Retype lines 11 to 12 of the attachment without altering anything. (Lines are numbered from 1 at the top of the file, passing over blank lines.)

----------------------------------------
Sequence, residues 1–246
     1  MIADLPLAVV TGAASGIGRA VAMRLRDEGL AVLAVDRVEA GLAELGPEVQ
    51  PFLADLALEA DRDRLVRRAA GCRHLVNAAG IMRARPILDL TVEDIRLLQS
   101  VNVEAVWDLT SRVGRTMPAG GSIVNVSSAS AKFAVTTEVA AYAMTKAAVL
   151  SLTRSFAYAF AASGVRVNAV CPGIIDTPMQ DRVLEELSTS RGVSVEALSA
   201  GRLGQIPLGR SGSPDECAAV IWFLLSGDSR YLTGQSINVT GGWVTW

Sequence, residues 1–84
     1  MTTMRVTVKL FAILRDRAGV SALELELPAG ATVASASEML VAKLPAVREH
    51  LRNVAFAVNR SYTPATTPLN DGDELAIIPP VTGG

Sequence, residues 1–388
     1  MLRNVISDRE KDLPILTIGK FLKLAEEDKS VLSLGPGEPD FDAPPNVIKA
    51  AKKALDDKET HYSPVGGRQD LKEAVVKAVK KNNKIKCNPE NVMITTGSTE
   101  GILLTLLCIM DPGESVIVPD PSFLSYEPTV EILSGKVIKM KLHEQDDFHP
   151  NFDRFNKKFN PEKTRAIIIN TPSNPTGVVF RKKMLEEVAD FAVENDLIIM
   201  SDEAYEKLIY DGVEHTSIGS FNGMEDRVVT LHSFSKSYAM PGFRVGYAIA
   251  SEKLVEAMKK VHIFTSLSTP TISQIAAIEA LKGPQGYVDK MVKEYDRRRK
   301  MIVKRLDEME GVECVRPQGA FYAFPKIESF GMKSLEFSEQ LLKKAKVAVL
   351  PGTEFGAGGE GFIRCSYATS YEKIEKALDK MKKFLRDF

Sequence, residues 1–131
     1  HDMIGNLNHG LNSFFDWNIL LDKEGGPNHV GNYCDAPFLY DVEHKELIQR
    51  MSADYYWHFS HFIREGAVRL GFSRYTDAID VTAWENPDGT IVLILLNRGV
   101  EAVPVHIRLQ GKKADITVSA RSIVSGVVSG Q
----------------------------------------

     1  MLRNVISDRE KDLPILTIGK FLKLAEEDKS VLSLGPGEPD FDAPPNVIKA
    51  AKKALDDKET HYSPVGGRQD LKEAVVKAVK KNNKIKCNPE NVMITTGSTE